August 21, 2013

Council commits funds for new healthcare facility

By Neal A. Shipman
Farmer Editor

The McKenzie County Healthcare System will be receiving upward of $500,000 from the Watford City Roughrider Fund to help build a new replacement hospital and clinic, as well as to remodel the existing Good Shepherd Home long-term care facility.
Just a few days after Watford City’s City Council had sent the request for assistance back to the Roughrider Fund for further clarification, the council, along with the Roughrider Fund Committee and representatives from the McKenzie County Healthcare System met on Wednesday, Aug. 14 to hammer out the details that will pave the way for a new $55 million facility.
The urgency of Wednesday night’s meeting was noted by Gene Veeder, McKenzie County Job Development Authority executive director.
“We want to get a decision tonight,” stated Veeder, who served as a moderator during the meeting. “This project needs to move forward quickly to get Bank of North Dakota and U.S.D.A. loans.”
According to Dan Kelly, McKenzie County Healthcare System CEO, the system’s original request of $100,000 per month for 40 years is being scaled back to just $100,000 for five months in order to get the process started.
“We don’t have all of the data that the city council asked us to have available at this time,” stated Kelly. “But under this proposal, we will be able to begin our construction project.”
According to Kelly, the healthcare system is applying for a $15 million low interest loan from the Bank of North Dakota, as well as a $40 million U.S.D.A. loan.
“With the Roughrider Funds and the Bank of North Dakota loan, we’ll be able to start with our project even if we don’t get the U.S.D.A. loan,” stated Kelly. “If we get all of the loans, it is possible we’ll come back to the Roughrider Fund for more assistance.”
The healthcare system is facing a Sept. 1 deadline to request the Bank of North Dakota funds. And that deadline, according to Kelly, is the reason the entire process has appeared to be rushed.
“The Bank of North Dakota needs a letter of support that we have funding up to $500,000,” stated Kelly. “Without the outside support of the Roughrider Fund, we don’t have the revenue to sustain the debt.”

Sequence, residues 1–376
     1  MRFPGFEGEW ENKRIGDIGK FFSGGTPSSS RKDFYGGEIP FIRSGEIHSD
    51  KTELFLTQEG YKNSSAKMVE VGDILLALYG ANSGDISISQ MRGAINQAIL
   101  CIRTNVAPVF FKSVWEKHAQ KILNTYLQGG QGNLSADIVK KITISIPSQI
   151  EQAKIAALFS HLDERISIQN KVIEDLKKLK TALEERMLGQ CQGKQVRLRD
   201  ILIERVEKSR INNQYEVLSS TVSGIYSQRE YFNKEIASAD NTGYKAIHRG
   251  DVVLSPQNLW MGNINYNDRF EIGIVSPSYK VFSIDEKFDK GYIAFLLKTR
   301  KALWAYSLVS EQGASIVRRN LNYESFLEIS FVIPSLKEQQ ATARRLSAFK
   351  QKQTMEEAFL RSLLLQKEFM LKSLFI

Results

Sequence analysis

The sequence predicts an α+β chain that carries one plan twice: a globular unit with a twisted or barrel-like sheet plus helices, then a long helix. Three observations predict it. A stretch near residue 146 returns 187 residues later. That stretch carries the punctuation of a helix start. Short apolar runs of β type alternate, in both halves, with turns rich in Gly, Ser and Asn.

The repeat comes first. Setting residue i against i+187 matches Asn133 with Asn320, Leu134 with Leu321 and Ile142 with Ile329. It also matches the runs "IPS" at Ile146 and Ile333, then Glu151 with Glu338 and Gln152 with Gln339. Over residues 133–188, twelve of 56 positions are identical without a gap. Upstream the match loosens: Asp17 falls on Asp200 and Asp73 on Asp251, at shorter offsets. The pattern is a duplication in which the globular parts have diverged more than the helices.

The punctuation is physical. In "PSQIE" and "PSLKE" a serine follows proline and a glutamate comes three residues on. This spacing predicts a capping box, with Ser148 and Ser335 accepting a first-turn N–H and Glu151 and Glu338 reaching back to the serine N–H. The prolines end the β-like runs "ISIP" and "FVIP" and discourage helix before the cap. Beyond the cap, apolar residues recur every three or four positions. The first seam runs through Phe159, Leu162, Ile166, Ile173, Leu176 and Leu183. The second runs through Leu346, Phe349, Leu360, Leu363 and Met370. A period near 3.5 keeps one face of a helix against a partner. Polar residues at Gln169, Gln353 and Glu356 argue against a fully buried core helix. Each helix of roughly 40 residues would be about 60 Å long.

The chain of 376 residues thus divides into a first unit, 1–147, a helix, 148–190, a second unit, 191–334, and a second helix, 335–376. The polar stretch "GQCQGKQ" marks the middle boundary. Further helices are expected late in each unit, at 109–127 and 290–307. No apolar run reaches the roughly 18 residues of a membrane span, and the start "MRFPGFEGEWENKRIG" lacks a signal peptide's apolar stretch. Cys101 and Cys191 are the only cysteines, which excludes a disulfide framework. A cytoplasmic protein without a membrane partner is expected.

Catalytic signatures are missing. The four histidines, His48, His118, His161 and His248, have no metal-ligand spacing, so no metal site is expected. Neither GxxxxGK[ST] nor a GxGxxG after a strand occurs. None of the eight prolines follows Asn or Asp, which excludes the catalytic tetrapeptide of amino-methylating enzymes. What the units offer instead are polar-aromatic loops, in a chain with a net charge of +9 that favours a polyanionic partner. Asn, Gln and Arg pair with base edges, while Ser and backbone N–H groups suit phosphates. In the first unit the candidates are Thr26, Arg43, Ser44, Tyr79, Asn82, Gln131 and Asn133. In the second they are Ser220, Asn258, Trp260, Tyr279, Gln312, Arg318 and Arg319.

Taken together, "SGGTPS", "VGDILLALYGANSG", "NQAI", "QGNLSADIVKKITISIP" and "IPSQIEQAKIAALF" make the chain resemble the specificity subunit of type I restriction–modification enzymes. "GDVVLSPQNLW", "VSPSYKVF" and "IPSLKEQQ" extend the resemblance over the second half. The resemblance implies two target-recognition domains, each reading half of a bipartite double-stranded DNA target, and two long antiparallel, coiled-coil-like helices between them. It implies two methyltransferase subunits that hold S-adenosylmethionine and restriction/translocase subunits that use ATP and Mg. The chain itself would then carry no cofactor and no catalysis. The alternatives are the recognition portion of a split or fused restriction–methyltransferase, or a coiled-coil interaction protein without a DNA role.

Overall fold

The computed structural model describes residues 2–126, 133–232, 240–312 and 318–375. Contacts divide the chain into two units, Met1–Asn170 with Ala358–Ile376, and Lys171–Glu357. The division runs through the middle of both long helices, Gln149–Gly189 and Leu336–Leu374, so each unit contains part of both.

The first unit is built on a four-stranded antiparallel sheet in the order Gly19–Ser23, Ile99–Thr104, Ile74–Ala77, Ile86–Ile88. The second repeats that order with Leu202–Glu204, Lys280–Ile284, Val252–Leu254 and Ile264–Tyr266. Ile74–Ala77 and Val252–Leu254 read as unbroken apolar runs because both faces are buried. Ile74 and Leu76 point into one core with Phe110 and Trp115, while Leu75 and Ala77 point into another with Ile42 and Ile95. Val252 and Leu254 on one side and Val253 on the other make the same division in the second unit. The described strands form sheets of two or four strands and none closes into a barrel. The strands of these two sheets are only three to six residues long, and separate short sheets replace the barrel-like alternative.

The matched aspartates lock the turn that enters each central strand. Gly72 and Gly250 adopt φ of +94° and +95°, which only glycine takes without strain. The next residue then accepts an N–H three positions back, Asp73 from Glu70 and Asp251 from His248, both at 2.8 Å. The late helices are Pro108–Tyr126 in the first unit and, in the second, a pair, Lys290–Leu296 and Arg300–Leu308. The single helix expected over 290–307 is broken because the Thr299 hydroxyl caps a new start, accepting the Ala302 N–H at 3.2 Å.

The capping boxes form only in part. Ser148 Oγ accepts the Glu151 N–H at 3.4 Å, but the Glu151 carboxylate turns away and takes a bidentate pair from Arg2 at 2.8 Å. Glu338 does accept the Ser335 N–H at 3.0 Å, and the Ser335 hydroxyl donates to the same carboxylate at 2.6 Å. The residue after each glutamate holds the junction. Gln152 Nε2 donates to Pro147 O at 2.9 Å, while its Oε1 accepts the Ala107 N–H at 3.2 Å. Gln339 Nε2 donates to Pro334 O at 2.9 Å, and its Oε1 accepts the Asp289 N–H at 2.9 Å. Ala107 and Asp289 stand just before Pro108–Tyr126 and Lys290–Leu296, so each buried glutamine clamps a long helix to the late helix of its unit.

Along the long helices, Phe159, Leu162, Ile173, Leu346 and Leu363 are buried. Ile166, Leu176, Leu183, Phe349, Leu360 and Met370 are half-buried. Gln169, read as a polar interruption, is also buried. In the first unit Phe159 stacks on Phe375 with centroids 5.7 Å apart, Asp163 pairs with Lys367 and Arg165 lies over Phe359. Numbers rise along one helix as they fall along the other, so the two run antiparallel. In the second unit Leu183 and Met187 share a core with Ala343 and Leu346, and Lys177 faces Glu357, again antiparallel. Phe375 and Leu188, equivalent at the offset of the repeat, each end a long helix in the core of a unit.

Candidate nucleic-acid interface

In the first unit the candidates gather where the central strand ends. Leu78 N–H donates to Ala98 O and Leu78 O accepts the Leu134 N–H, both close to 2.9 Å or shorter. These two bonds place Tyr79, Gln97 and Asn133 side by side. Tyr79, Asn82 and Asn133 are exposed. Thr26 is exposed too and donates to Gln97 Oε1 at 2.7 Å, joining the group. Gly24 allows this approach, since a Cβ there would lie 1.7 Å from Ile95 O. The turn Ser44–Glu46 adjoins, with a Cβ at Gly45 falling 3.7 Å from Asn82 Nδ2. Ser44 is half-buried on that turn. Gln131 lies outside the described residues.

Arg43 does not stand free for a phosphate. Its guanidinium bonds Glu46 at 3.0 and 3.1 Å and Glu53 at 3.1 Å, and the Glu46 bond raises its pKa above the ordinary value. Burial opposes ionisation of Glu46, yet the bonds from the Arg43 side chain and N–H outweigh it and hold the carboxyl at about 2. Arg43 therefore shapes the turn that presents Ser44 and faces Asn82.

However, again Kelly pointed out that the healthcare system’s ultimate goal is to obtain funding from the U.S.D.A. that will allow the entire project to be constructed at one time.
“Our overall goal is to do the project in one fell swoop,” stated Kelly. “It is far cheaper and less disruptive  that way.”
Part of the problem facing both the Roughrider Fund and the city council in committing funds long-term to the healthcare system is the fact that the fund is set to terminate in September of 2014, unless city voters approve a ballot measure extending the city sales tax.
“I’d encourage the hospital to look at a long lasting revenue source,” stated Justin Voll, city councilman. “Considering the amount of money now coming into the Roughrider Fund and looking at the other requests that will be coming in the future, $100,000 a month is a very big commitment.”
Voll suggested that the healthcare system also consider a county sales tax or a county mill levy to help fund the replacement facility.
“We’d like to hear from the city council what our options are,” stated Kelly. “We’re at the table.”
According to Voll, a county sales tax could raise between $250,000 and $400,000 a year.
But according to Linda Svihovec, McKenzie County auditor, before a county sales tax could be implemented the county commissioners would have to change to a home rule charter and then a county sales tax would have to be supported by two-thirds of the county voters.
Under the motion that was passed by the city council, the healthcare system will receive up to $100,000 per month, up to $500,000, contingent on the Bank of North Dakota loan being approved and upon groundbreaking for the new facility.